This week Maddison stunned the world by riding his motorcycle down the Olympic park, Utah, bobsleigh track.

Not content with that, Maddison then rode his bike down and off the aerial ski jump – falling a from an apex of a gut twisting 57 meters. Speedometers clocked him at travelling just over 114kpm as he hit the small rise in the jump that jettisoned him into space.

To give you some idea of how far Maddison and his bike fell, 57 meters is the equivalent of Sydney’s Queen Victoria Building or Melbourne’s Flinders Street Station.

Six months later he back flipped his motorcycle from one side of London’s Tower bridge to the other while the drawbridge was open.

Not a job that comes with a pension plan.

Both bike and rider made it through both stunts without even a hint of trouble. Though one can only imagine his heart rate at the time.Maddison holds records for the most number of backflips on a motorcycle, longest motorcycle jump and a slew or motocross freestyle firsts.



On New Year’s Eve he went viral on Youtube after releasing footage of jumping his motorcycle off a ramp and onto the Arc de Triomphe in the centre of Paris. He then turned around and jumped off it again to land safely on the ramp and terra firma.

Equiprent and the Motocross Fundraiser

 When a Perth Cricket club recently decided to raise funds for clubhouse extensions a call was made to the members for ideas. Nothing was off limits, everything would be considered – no matter how wild.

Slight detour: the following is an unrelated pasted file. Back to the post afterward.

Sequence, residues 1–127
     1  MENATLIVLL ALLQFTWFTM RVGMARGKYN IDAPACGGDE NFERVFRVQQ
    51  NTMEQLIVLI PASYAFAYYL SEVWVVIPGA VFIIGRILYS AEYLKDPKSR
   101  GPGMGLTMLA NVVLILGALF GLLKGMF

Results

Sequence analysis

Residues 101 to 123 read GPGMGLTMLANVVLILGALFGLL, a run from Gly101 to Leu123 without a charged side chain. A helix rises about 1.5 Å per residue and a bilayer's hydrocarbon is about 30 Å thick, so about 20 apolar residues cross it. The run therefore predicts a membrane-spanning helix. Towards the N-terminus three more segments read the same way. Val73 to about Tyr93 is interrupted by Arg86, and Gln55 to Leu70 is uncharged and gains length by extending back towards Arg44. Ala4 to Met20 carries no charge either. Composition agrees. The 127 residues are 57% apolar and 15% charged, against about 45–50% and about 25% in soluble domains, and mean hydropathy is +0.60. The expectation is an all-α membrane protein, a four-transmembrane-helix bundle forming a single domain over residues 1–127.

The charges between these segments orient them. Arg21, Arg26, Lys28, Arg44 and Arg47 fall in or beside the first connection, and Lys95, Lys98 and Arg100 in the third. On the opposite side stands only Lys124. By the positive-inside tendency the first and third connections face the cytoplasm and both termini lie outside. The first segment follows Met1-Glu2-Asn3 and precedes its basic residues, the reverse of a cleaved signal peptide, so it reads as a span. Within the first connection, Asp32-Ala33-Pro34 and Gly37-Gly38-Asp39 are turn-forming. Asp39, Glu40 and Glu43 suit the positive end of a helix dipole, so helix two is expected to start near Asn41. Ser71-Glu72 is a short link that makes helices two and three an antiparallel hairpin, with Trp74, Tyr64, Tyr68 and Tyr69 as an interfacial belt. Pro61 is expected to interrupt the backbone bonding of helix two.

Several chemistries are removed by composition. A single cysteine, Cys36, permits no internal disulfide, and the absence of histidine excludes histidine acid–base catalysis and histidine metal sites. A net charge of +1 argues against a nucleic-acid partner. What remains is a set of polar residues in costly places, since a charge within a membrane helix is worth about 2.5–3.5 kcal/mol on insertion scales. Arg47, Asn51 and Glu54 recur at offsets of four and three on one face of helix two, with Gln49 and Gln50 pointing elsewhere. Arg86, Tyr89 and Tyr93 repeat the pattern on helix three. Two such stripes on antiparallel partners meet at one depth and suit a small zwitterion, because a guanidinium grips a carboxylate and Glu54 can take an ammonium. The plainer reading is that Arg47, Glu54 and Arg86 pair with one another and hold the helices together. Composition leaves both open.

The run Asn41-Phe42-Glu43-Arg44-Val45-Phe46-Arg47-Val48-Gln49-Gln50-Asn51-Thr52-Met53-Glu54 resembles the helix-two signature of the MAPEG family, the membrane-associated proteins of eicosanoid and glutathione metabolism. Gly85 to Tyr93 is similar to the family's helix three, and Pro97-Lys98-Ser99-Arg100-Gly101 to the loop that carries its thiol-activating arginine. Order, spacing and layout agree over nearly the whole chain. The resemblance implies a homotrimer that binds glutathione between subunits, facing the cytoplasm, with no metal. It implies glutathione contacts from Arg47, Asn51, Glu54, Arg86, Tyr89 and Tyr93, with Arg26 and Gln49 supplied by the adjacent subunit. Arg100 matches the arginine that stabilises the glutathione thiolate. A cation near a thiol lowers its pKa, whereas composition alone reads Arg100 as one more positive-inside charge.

And so the idea of a motocross rally and show was born.

Several of the members had sons or daughters in motocross clubs. Motocross, for those unfamiliar with the sport, is an exhilarating, fast-paced, viewer friendly sport. It consists of riders negotiating a hilly, convoluted circuit and breakneck speed. All the action takes place in front of the audience

operatorThe idea put to the Cricket Club Board was to transform the cricket grounds into a motocross circuit and sell tickets to the one-night event. It would certainly beat the hell out of a lamington drive.

The first problem was to construct a course.

Fortunately one of the board members had previous experience with the mining industry. “It’s not as hard as you think,” he told his fellow board members. “Places like Equiprent offer equipment for just this kind of job.”

And they do.

An engineer donated his time to calculate the volume of soil required to construct a course, operatorEquiprent was asked about equipment able to transport and move the earth. They were even asked about hiring drivers for the machinery (which they also helped with).

In fact, had it not been for Equiprent an otherwise splendid idea would have been dead in the water.

It took a lot of planning and a lot of work, but the event went ahead. It was a roaring success.